Although we live in a sex-obsessed culture, in the secular world there happens to be positive portrayals of celibacy and chapter two focuses on these examples. The authors remind us that, in response to the sexual revolution psychologist Gabrielle Brown believed that sexuality "is a conscious, voluntary behavior which is learned, rather than an instinct over which one has no choice." This challenges the idea as sex as a biological imperative. Her ideas line up with what many Christian have believed for over two thousand years. Brown thought that "abstinence is a response on the outside to what's going on, and celibacy is a response from the inside."
For examples of women, they immediately discuss the 1998 film, Elizabeth. Queen Elizabeth's virginity is treated with such respect and dignity in the film. They also describe Carson Brown's take on virginity where she defines freedom so as to redefine sexuality "apart from the pressure to have sex and the consumer culture that dictates those rules for those consumers." Brown argues that in our consumeristic culture, "Businesses want virgins to feel horrible about themselves, because if virgins were happy being virgins, they would be horrible consumers. As long as they are virgins desperately trying to ditch their virginity, fine. But abstinence undermines economics."
Another secular author, Wendy Keller, states, "We are on the crest of a new era in male-female relations. Having gone through a millennia of oppression we are at last in a place where we can step out onto the platform of power and safely claim a place for ourselves too." She asks, "what if you could put yourself back in control of your own sexuality--instead of forking it over to a man, society's point of view or your girlfriend's ideas of what is appropriate sexual behavior is for you?" The question from some feminists, is whether or not contemporary sexuality that so dismisses virginity has really made things better for women? Its interesting to think about virginity and celibacy from various secular angles where they don't have a "fundamentalist" axe to grind. Could it be that a rather "thick" view of sexuality from a Christian perspective may embrace celibacy?
Is our only response to sexuality, legalism, guilt in the Church to get in bed with secular values and culture when we are reacting to a legalistic mindset that purports a rather thin view of virginity under rules and guilt?
There is in the popular culture, a tradition in which sex is given up for a higher calling. In the film Dead Man Walking the character Prejean talks about other types of intimacy she has experienced instead of sexual intrimacy. She believes celibacy is important to serve her world better. The authors observe, "as the movie demonstrates, her calling is, ultimately more important and more valuable than the pleasure of sex or even an exclusive relationship."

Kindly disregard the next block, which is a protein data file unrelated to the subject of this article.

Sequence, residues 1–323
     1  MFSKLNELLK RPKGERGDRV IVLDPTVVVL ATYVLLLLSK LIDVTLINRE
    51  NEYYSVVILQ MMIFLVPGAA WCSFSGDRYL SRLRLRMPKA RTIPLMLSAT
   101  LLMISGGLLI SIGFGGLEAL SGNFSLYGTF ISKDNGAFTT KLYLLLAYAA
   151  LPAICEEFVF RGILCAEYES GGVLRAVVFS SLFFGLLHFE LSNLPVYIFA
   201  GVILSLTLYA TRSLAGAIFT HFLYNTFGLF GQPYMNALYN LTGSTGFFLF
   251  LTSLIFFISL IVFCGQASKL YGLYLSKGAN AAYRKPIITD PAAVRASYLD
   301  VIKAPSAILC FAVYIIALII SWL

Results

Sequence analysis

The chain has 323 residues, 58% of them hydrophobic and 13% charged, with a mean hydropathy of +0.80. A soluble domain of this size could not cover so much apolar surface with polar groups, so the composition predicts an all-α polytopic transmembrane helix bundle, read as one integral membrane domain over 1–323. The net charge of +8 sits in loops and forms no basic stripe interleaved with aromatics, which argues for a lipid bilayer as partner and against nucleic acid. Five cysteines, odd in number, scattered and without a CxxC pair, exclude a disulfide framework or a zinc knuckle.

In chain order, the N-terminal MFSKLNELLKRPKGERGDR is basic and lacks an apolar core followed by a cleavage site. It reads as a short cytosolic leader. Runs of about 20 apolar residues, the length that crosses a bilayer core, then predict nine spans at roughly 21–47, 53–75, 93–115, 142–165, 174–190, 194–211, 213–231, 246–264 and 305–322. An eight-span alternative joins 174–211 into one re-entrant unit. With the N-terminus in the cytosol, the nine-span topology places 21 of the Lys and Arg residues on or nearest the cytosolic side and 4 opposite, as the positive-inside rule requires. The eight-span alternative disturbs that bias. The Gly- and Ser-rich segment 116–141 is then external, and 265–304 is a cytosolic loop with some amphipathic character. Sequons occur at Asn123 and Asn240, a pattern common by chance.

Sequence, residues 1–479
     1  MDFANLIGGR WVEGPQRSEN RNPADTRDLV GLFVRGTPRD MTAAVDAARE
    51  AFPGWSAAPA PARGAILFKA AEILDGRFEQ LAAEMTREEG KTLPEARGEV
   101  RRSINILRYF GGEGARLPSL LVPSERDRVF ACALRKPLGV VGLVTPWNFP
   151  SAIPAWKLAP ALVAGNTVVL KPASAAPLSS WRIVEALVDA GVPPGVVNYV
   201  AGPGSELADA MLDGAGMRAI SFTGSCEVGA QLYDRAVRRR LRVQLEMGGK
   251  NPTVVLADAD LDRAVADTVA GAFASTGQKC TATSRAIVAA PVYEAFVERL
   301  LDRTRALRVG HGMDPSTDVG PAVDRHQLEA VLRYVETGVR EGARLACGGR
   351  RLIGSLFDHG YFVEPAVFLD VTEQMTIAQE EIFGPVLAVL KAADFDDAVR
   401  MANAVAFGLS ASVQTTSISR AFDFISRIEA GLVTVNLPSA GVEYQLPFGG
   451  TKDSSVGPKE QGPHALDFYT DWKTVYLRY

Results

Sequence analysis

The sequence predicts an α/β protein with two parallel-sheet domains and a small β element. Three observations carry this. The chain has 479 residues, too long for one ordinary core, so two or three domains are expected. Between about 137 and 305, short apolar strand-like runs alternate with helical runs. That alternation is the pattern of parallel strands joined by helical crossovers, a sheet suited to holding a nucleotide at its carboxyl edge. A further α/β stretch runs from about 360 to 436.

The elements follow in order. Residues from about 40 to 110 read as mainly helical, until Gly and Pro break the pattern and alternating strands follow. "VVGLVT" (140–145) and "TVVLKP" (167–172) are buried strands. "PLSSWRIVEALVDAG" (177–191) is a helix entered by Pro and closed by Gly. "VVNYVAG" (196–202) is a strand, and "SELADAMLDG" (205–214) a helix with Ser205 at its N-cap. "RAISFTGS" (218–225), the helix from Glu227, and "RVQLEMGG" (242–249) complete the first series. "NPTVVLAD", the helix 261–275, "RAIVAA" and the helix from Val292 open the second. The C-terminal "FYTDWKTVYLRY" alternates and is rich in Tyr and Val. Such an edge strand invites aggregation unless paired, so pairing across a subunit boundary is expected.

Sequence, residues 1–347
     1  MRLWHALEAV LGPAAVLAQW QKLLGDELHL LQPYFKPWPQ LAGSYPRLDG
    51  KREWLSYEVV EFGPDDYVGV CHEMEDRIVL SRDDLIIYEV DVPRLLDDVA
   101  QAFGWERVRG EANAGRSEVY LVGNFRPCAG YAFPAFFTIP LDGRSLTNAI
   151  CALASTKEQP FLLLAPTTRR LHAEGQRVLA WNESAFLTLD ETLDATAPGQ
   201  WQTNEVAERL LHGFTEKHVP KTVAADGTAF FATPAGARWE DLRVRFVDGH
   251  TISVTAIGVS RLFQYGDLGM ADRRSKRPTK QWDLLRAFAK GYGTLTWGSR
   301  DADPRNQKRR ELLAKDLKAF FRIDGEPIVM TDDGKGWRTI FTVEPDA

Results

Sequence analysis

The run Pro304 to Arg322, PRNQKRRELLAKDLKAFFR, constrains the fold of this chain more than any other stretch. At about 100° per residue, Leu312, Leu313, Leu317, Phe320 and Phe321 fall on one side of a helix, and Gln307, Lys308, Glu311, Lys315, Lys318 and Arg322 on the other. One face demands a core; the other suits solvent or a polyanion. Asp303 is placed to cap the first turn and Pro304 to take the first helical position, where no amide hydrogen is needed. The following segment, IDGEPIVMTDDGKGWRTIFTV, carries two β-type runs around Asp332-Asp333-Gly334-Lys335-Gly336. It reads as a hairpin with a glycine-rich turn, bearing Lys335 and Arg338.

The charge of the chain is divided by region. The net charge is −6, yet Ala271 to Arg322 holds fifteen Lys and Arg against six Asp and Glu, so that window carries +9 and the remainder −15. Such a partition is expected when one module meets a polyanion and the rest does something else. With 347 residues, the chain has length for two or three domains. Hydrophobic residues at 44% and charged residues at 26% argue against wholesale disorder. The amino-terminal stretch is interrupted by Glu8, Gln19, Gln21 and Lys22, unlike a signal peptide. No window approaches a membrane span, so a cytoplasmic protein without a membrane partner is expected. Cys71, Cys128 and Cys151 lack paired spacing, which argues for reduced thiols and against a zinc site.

Its just not in the religious higher calling that devotion to celibacy may be a virtue. With many superheroes in popular culture comes the positive calling of celibacy. Quoting a line from Spider-Man, "With great power comes great responsibility." Colon and Fields comment, "Although superheroes fall in love, they realize they have a responsibility both to the ones they love and to the world at large." Superman is another character. In the popular culture, there are some things more important than the biological sex imperative.
I have to admit how surprised I was when I read this chapter. I have seen the superheroes films. But I haven't thought about the positive view of celibacy portrayed in them.
So, in cross-gender friendships, if you are married and you want to be intimate friends with a woman beyond your wife, you have to practice celibacy. As the Sarandon character makes clear, you can pursue other types of intimacy without pursuing sexual intimacy. If you are single, you may pursue other types of intimacy with opposite-sex friends and be faithful to a higher calling--even according to popular culture. Sometimes Christians view the secular world in such a black-and-white, immoral way.
In this post, a secular book like Friends: Why Men and Women are from the Same Planet makes a coherent case for men and women to enjoy each other as friends with deep affection, including physical affection with no sexual intimacy involved.
Gee observes, "Brothers and sisters and opposite-sex friends develop, sustain and --importantly--enjoy extraordinarily deep, intimate relationships, rich in unfettered communication, relaxation and laughter...These kinds of bonds are not, as they tend to be portrayed, merely a substitute for a more desirable sexual relationship. They are different but equal. The depth of love, the extent of the intimacy, and the enduring strength of the tie experienced within a close relationship with a brother, sister or opposite-sex friend can be as great as valuable and--perhaps more important--as valued as in any romance."